One of the UK’s biggest social care charities, Community Integrated Care, has shared their expertise with Rugby League coaches from across the UK, delivering a specialist training day and providing a valuable insight into the lives of players, ahead of the upcoming Learning Disability Super League (LDSL) 2023 season.
Community Integrated Care’s LDSL is an innovative programme that gives people who have learning disabilities and autism the chance to play a specially adapted version of rugby league for the clubs that they love. Representatives of Super League teams attended the CPD (Continuing Professional Development) workshop at Hopwood Hall College in Rochdale, for sessions led by the charity’s Partnerships and Communities Manager, Craig Thomason.
The LDSL aims to promote the development of skills, confidence, and positive experiences, and make a major statement about social inclusion. This initiative is the first ever example of a professional sports league sharing its brand with a learning disability sports project.
Developed in partnership with the Rugby Football League, Super League and the national social care charity Community Integrated Care, the initiative has enabled more than 300 people to live their dreams playing at Anfield and St James’ Park.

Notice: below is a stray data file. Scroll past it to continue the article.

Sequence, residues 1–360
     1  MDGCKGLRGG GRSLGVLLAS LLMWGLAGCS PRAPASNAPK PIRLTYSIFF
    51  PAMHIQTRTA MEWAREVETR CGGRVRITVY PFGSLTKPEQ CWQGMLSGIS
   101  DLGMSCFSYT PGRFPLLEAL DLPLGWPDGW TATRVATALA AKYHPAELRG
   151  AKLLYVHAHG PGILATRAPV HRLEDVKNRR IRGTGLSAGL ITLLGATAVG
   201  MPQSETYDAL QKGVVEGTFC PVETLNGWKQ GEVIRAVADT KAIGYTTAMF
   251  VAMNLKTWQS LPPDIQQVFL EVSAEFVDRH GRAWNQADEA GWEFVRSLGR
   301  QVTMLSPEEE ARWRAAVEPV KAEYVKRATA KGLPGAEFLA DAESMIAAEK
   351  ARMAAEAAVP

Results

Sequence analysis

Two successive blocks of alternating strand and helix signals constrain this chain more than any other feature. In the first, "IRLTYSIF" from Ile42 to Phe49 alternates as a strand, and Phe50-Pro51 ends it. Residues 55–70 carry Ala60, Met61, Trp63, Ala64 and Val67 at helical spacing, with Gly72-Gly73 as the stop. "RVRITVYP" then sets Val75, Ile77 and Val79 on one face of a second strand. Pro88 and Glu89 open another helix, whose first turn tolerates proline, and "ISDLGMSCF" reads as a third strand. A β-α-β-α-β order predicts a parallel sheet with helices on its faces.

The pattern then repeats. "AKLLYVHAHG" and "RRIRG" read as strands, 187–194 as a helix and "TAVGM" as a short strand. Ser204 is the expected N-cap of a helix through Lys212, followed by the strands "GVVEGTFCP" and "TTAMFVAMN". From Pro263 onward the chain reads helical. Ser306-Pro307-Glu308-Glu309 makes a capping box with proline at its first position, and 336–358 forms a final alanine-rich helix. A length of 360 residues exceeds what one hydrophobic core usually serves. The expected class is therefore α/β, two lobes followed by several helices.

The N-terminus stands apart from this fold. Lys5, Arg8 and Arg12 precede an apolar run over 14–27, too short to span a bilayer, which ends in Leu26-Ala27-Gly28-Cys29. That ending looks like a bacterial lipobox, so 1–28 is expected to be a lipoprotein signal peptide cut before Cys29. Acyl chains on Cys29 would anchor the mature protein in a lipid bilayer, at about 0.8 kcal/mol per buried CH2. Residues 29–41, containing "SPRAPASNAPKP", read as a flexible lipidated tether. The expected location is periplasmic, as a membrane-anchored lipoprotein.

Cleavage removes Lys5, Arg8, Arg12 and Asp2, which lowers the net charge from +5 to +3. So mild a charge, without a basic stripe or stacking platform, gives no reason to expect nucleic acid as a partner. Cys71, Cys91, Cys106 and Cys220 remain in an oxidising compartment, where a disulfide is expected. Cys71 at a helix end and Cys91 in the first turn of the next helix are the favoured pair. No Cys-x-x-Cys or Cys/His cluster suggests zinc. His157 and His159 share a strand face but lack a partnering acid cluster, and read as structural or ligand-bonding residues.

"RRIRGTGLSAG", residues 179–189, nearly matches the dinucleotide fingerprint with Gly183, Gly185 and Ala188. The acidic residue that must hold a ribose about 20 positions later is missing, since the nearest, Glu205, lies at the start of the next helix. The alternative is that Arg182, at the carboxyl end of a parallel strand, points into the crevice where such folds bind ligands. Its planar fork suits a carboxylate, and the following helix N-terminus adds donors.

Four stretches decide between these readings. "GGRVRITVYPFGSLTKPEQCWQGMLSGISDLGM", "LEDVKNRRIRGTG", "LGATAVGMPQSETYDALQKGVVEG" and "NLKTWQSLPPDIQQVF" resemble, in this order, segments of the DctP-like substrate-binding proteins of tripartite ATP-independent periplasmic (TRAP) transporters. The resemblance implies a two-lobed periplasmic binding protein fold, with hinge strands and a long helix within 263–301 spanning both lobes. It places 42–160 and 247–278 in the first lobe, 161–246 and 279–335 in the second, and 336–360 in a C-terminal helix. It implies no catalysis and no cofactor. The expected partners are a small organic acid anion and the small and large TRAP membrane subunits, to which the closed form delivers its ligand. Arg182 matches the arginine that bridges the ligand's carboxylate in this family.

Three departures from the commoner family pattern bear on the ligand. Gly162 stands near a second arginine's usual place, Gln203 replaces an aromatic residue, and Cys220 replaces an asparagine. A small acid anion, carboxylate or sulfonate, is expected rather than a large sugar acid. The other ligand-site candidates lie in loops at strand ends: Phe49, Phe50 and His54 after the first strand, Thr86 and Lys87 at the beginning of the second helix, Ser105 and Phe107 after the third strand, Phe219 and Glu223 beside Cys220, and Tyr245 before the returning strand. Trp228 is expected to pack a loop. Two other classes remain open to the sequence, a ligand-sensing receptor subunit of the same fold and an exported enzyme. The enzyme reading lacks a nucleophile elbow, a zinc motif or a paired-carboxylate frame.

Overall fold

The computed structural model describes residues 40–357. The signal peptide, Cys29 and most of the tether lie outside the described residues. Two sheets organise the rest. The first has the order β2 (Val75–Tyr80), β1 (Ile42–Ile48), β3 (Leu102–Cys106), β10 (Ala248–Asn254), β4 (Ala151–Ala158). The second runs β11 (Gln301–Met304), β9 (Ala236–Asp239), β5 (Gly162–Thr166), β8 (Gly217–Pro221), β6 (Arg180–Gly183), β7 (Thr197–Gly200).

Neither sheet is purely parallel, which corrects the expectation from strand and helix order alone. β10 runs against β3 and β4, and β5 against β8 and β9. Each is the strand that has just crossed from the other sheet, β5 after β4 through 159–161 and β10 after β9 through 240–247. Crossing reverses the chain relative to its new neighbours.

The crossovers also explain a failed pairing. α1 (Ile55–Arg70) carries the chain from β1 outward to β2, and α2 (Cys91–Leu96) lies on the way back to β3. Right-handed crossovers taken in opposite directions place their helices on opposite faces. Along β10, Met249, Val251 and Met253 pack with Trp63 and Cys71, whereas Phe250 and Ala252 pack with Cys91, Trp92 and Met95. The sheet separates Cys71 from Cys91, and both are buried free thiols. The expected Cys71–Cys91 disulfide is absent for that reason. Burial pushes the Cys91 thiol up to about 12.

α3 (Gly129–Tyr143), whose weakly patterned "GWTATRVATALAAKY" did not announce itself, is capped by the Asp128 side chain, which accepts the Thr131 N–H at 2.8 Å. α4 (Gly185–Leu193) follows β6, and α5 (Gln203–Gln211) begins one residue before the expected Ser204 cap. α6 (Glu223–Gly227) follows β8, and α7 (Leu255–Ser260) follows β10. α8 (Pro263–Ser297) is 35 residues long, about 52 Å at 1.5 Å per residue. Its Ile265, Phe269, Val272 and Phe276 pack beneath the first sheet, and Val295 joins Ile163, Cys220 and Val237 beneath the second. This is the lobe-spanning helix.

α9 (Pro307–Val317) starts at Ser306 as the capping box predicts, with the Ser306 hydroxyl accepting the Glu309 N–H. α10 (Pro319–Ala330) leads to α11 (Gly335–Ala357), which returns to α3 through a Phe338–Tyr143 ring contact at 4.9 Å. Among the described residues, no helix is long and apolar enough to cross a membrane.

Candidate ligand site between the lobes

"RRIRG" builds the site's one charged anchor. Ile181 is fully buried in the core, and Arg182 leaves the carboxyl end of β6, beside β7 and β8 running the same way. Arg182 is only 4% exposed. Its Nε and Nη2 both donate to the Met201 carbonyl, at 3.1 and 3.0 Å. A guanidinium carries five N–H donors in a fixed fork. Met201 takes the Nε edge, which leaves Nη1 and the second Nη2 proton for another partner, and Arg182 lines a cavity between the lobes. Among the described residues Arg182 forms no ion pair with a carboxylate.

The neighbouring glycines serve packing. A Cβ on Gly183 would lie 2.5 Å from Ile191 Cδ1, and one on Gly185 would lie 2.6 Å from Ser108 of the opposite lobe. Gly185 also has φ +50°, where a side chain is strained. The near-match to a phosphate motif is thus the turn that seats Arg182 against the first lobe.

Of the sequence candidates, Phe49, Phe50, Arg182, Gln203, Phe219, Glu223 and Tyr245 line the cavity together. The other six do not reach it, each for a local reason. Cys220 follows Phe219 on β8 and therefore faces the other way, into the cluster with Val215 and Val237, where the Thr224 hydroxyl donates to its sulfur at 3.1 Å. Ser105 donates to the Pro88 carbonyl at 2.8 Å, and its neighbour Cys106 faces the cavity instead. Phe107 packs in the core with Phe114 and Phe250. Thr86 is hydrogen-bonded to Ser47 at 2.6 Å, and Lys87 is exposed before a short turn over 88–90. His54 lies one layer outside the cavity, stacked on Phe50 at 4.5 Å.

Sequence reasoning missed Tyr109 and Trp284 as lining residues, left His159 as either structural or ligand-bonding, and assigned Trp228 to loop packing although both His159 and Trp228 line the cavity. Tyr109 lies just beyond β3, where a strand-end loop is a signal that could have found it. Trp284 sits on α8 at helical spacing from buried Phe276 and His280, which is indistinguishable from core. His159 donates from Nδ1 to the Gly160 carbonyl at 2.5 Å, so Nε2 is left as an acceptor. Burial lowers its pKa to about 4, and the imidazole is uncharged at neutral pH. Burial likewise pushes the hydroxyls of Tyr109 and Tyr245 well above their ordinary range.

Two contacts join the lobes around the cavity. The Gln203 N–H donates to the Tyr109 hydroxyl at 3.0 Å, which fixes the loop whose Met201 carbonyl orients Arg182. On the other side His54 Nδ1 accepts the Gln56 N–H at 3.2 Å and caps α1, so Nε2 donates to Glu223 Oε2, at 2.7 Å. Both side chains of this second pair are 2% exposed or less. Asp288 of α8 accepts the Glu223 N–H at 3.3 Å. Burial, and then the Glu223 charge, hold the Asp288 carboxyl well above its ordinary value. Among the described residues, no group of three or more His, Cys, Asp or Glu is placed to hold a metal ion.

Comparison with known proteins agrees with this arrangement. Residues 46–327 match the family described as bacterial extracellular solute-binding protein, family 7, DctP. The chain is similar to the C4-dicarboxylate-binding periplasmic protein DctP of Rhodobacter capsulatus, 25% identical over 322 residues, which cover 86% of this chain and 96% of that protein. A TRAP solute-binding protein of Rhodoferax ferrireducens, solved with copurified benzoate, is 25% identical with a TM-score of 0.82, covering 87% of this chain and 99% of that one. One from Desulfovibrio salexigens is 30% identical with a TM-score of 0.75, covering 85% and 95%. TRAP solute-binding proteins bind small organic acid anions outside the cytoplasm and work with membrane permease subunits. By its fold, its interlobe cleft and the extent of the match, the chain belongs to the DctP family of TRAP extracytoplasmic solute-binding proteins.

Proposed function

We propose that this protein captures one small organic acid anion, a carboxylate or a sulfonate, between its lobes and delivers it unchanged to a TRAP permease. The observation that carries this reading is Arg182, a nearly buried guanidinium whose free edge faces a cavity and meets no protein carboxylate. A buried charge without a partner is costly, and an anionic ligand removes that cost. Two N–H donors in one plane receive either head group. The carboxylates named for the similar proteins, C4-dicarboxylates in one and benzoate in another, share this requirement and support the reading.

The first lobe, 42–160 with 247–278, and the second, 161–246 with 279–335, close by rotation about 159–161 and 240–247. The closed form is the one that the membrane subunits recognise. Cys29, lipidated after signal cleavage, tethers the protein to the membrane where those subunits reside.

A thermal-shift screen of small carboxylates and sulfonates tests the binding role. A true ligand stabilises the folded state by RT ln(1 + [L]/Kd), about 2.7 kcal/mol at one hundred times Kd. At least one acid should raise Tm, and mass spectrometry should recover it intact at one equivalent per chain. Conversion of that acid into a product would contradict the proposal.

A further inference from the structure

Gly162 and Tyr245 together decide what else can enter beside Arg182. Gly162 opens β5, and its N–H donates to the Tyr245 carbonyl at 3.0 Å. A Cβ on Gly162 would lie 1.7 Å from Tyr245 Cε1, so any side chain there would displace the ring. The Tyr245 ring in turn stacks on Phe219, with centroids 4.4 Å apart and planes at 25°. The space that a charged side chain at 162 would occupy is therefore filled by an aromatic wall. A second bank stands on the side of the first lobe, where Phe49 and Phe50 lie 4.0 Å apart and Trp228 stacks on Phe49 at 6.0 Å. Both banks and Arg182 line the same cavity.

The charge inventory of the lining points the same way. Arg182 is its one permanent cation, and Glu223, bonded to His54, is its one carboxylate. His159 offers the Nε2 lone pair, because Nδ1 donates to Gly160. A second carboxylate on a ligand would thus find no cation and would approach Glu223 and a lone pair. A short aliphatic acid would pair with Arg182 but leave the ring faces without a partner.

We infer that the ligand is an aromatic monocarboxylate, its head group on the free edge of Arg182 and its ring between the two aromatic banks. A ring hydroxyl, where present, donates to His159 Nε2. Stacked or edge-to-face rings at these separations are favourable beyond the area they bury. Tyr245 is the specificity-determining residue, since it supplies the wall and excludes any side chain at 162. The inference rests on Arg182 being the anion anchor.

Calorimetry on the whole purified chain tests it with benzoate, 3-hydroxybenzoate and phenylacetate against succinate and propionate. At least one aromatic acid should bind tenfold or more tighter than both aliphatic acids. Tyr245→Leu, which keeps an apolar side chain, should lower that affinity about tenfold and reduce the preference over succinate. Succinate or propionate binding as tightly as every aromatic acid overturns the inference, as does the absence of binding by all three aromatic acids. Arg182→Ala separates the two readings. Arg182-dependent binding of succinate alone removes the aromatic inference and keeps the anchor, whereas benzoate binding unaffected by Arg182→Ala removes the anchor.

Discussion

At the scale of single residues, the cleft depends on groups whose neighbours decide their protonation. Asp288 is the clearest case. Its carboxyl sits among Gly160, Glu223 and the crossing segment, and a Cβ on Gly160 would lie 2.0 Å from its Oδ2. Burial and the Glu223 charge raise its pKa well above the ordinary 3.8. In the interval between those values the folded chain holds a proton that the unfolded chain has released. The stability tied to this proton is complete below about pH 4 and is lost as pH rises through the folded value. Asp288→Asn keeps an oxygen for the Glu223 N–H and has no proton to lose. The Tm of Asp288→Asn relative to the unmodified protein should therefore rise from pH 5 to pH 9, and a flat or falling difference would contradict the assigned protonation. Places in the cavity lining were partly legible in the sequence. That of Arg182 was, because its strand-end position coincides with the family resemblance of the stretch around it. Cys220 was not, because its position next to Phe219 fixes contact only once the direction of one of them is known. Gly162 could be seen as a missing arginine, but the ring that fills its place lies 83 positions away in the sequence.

Central to the training was how the coaches as a collective group can continue to improve players’ experiences in the LDSL, as it prepares for its first two festivals of the season at Wigan and Leeds on Saturday April 22.
Craig Thomason explained,
“Throughout the day we discussed why the Community Integrated Care Learning Disability Super League was created and why there was a need for it; why these players can’t access other forms of mainstream rugby league.
“That helped everyone to realise how important this programme is to people, and how the LDSL has become a focal point for their lives. We also discussed how much of a gateway it can be to other opportunities, and how it can support the personal development of the people involved so they can live their best lives possible.”
The event was split into two parts – a morning focusing on the ethos and direction of the LDSL, along with a review of the 2022 season and key focal points for the new campaign. In the afternoon the coaches had access to autism and disability training, and how this can impact the work that they do at their respective clubs.
Craig added, “We looked at how you can amend your coaching techniques to get the best out of your players, and make our sessions present the most inclusive environment for the players. We want to, as coaches and support staff, make the 2023 season the best we’ve seen.”
The 2023 Community Integrated Care Learning Disability Super League kicks off with festivals in Wigan and Leeds on Saturday April 22, and will again be part of the sport’s Magic Weekend in Newcastle on June 3 and 4.